It is time for health professionals to step up and lead to ensure a sustainable environment and health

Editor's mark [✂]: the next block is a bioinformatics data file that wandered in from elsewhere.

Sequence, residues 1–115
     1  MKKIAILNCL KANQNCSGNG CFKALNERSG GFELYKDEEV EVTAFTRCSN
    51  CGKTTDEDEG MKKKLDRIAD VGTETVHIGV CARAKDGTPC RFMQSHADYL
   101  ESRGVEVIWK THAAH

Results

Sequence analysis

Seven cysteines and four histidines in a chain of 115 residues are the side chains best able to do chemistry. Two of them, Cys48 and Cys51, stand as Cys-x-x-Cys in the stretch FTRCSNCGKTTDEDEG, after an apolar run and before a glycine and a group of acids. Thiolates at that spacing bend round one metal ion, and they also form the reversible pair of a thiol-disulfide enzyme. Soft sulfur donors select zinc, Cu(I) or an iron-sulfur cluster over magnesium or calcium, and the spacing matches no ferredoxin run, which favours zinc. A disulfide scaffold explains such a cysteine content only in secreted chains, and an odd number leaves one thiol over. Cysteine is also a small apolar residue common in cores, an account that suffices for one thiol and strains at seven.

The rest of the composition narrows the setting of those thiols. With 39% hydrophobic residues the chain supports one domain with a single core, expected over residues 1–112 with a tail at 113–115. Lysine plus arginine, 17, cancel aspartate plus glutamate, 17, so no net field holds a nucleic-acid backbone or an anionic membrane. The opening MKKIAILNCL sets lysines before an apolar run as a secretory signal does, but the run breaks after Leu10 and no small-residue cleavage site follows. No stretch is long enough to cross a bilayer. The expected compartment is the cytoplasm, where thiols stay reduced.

The year 2020 is fast becoming the year of planetary crises, from global warming and the unprecedented bushfire season in Australia over the summer to the severe acute respiratory syndrome coronavirus 2 (SARS‐CoV‐2) pandemic striking around the globe, with its health and financial implications.1,2,3 Social media is littered with often uninformed opinions about both issues, from those unconcerned and arguing the problems are exaggerated or worse to those who are deeply concerned and searching for better solutions. The facts about the climate crisis and health are more stark, as pointed out by Madden and Capon4 in this issue of the Journal and by the most recent Lancet–MJA countdown report5 — overwhelming evidence points to a warming planet because of human activity and to the potential for very severe adverse health consequences, including other infectious disease outbreaks, if prompt action is not taken now. The recent unprecedented bushfire season may have shifted views about the potential for severe impacts of global warming on health, just as the unfolding health crisis with COVID‐19 has highlighted how vulnerable our health systems are to new pathogens. There has not been political inertia in the United Kingdom, where all sides of politics recognise the global emergency we all face because of climate change.6 However, more effective political action is needed here and around the world in terms of ensuring a sustainable future.
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